While many factors can change the overall cost, it is typical for each spouse to spend $10,000 or more to complete their divorce.
|Average Filing Fees
|Other Divorce Costs and Attorney Fees
|Average fees: $9,000
Consequently, how much does a divorce lawyer cost in CO?
The Average Divorce Attorney Fees in Colorado
High-net-worth couples, however, tend to have more expensive processes and end up paying $37,000 on average. The average divorce attorney fee rounds up to $11,400, though top divorce lawyers in Colorado may charge above that depending on the complexity of your case.
Also question is, who pays attorney fees in divorce in Indiana?
Indiana follows the American rule in civil litigation, including an Indiana divorce. Under this rule, each party pays his or her own attorney’s fees in the case. However, there are some instances in which a divorce court may order one party to pay part or all of the attorney’s fees of the other party.
Who pays for divorce in Indiana?
Under the English Rule, the prevailing (winning) party generally paid the others legal fees. The American Rule is much different. With it, each side pays their own legal fees. There are three (3) major exceptions.
It is possible to get divorced without going to court, as long as your partner agrees to the divorce and the reasons why. However, it is still possible that you will need to go to court to decide what happens to money, property and children.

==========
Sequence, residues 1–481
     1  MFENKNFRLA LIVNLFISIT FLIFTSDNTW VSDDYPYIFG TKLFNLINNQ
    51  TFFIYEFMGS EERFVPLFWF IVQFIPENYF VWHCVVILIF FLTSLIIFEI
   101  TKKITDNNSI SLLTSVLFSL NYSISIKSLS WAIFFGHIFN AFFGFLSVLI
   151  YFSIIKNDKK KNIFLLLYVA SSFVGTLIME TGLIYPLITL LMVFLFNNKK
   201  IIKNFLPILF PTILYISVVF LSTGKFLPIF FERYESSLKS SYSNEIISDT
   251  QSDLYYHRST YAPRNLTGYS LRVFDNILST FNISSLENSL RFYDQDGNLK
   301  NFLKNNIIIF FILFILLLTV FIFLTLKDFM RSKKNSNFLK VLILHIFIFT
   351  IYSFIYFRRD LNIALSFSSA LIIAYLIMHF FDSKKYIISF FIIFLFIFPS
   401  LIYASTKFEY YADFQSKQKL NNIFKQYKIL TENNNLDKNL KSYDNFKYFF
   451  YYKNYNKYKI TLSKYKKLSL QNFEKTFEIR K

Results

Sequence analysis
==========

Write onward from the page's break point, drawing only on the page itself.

You can pay anywhere from $50 to thousands per hour. Smaller towns and cities generally cost less while heavily populated, urban areas are most expensive. The more complicated the case and the more experienced the attorney, the more you’ll pay. Lawyer fees can range from $255 to $520 per hour.
An uncontested divorce can be pretty quick if you meet Indiana’s residency requirements. Before you can file for divorce in the state, you or your spouse must have been living in Indiana for six months. You’ll need to file your divorce case in the county in which you have lived for the past three months.
A court cannot grant a divorce until 60 days after the suit for divorce was filed and until 20 days after the respondent was properly served. This means a court may grant a divorce on day 61 after a divorce is filed but in reality that rarely happens.
Adultery Laws in Indiana
Unlike some other states that have retained fault-based grounds for divorce, infidelity is not grounds for divorce in Indiana. The only time adultery has an impact on a divorce case is if one spouse used marriage assets to pay for the affair.
Technically, there is no alimony in Indiana but there is “spousal maintenance”. Unlike some other states, Indiana does not recognize traditional “alimony” and the award of spousal maintenance in Indiana is limited.
Indiana has a legal mechanism called legal separation that allows couples to remain married but also permits these individuals to receive some of the benefits of divorcing spouses.